BMW Human Resources Policy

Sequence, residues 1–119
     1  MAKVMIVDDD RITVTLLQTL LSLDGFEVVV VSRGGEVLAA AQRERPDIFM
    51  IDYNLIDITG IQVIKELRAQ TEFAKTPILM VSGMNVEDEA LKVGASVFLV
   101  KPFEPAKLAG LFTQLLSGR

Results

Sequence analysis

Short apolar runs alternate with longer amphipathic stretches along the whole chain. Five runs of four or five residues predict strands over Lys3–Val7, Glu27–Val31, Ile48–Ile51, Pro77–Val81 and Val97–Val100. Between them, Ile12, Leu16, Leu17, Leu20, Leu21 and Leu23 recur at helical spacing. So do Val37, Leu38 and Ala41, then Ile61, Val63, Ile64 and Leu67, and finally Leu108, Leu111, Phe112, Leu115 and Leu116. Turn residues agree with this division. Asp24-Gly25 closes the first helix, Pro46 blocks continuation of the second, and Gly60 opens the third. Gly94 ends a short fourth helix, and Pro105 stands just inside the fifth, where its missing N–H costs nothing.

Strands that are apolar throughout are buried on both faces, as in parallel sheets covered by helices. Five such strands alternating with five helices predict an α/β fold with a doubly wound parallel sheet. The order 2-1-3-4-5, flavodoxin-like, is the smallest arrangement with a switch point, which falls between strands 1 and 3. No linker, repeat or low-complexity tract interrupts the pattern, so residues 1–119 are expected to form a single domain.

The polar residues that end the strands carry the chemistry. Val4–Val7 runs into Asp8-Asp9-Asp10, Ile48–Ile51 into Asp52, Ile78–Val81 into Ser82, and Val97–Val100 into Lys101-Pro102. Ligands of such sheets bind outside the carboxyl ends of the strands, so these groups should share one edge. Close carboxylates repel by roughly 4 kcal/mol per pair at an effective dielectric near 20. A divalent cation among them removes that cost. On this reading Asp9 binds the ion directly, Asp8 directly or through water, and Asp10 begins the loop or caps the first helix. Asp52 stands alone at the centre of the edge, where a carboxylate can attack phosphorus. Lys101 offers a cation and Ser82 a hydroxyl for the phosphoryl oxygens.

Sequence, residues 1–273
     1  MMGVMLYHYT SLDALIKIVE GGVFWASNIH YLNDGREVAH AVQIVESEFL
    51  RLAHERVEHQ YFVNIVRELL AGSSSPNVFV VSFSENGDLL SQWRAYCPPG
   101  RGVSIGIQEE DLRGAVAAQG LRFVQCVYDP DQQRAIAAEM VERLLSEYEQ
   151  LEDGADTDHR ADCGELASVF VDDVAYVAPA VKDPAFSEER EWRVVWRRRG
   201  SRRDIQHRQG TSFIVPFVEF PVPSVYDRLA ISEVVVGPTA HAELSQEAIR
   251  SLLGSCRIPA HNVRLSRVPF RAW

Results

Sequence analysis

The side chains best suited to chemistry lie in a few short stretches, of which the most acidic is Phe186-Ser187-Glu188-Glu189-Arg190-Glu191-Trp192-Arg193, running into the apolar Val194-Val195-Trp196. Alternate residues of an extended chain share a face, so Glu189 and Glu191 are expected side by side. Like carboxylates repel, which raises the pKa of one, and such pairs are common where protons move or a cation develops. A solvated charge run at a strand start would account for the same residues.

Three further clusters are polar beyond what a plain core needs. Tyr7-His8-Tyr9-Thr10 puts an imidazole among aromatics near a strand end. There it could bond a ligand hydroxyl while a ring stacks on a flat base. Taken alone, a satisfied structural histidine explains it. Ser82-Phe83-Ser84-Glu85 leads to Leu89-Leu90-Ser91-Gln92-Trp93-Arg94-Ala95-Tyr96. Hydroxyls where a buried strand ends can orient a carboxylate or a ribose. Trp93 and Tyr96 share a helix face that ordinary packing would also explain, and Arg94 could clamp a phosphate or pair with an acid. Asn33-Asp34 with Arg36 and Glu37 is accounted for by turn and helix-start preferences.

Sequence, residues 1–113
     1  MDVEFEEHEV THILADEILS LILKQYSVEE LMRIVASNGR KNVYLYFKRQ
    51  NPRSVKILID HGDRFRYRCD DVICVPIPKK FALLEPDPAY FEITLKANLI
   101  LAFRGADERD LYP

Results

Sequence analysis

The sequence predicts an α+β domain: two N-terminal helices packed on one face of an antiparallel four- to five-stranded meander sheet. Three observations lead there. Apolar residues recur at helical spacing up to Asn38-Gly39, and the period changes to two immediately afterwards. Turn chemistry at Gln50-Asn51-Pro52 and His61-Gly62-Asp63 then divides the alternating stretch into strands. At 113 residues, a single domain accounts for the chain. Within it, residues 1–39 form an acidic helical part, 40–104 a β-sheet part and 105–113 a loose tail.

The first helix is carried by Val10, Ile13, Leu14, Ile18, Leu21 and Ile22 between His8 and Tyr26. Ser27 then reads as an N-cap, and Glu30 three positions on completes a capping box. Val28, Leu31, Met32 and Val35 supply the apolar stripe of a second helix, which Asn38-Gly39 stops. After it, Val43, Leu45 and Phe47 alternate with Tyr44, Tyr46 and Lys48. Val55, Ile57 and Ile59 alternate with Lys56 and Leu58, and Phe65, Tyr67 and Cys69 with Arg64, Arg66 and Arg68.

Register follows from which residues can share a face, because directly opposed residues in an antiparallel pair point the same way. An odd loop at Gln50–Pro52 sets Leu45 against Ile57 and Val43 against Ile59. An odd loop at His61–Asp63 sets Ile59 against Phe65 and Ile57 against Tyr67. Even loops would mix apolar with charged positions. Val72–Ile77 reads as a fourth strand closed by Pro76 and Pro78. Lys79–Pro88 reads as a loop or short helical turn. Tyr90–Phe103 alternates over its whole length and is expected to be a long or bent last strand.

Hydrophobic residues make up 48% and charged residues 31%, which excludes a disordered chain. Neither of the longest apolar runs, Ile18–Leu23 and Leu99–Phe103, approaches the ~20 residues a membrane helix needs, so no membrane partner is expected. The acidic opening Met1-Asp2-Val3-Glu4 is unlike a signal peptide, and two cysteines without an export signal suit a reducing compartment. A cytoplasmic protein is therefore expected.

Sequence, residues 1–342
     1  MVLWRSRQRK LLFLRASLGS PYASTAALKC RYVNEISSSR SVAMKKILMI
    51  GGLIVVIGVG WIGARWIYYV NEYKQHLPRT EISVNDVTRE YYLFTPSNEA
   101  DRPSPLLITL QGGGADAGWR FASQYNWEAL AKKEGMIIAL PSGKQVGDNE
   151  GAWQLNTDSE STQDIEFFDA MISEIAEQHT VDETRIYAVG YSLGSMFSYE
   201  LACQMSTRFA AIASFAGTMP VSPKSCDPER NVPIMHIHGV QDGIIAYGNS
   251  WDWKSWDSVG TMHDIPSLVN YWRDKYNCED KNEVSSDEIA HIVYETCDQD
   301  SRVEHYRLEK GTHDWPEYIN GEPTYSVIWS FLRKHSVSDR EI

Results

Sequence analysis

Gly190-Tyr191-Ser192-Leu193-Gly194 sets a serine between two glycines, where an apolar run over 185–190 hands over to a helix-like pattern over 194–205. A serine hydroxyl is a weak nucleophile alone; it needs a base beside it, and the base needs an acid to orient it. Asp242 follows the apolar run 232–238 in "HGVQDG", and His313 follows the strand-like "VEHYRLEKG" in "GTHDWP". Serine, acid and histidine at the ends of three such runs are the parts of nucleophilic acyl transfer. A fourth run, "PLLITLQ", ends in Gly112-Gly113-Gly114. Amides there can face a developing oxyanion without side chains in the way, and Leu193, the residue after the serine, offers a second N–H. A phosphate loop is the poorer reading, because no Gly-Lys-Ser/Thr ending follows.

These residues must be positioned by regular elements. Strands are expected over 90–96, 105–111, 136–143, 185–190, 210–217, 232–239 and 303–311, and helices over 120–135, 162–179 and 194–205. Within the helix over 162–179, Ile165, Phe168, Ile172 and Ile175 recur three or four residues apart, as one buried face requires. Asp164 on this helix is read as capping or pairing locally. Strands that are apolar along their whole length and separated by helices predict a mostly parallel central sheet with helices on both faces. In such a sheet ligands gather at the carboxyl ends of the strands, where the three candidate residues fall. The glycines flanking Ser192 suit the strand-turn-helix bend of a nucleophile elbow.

In response to a changing business environment BMW isbeing more business and service focus. In the past decade the organisation hasbecome much more proactive, dealing with new concepts to become more serviceand customer focus oriented. The structure of the organisation has beenredefined to deal with the new ways of operating. Organisational structuredefines important relationship within the business for achieving businessobjectives. At the same time it helps to define the new business culture withinBMW. Culture exists with the minds and hearts of BMW's employees andcontributes to business strategies of the organisation. Therefore, BMW's humanresources policies are critical in the organisations structure, conduct andperformance. Competitive pressures on BMW and national economies haveincreased markedly in recent decades. Therefore, organisations are constantlychanging, as powerful entities have arisen at the international level, theEuropean Union being a good example and multinational corporations increasinglydominate particular sectors such as cars. New competitions are emerging andforcing older companies to adopt or reform to survive. Different structuresaffect the way in which human resources are managed. BMW like all otherbusinesses require the same basic human resources activities like recruitment,development and training, appraisal and reward systems, and control andfeedback mechanisms. Organisational structures are influenced by culture.Employees have strong feelings towards the organisations they work for. Germanfirms have inherently a flat, less rigid structures. The McKinsey 7 'S' modelis often used to identify all the areas that make up an organisation.Structure, Style, Staff are three such areas. BMW has an equal opportunities none sexual discriminatingculture within its organisation. BMW actively supports young female executivesand gives females insight into the field of technology. BMW also offersextensive training for all level of staffs; BMW Group's Trainee PromotionProgramme (TPP) provides the perfect combination of theoretical studies andpractical work. BMW Group trainees receive many benefits in addition to theirpay, other social payments such as holiday and Christmas bonuses, meal andtravelling expenses subsidies, health programme and PC training. BMW claims that it does not see its staff as a cost factorbut as an essential performance factor. Also the employees are referred to as'associates' rather that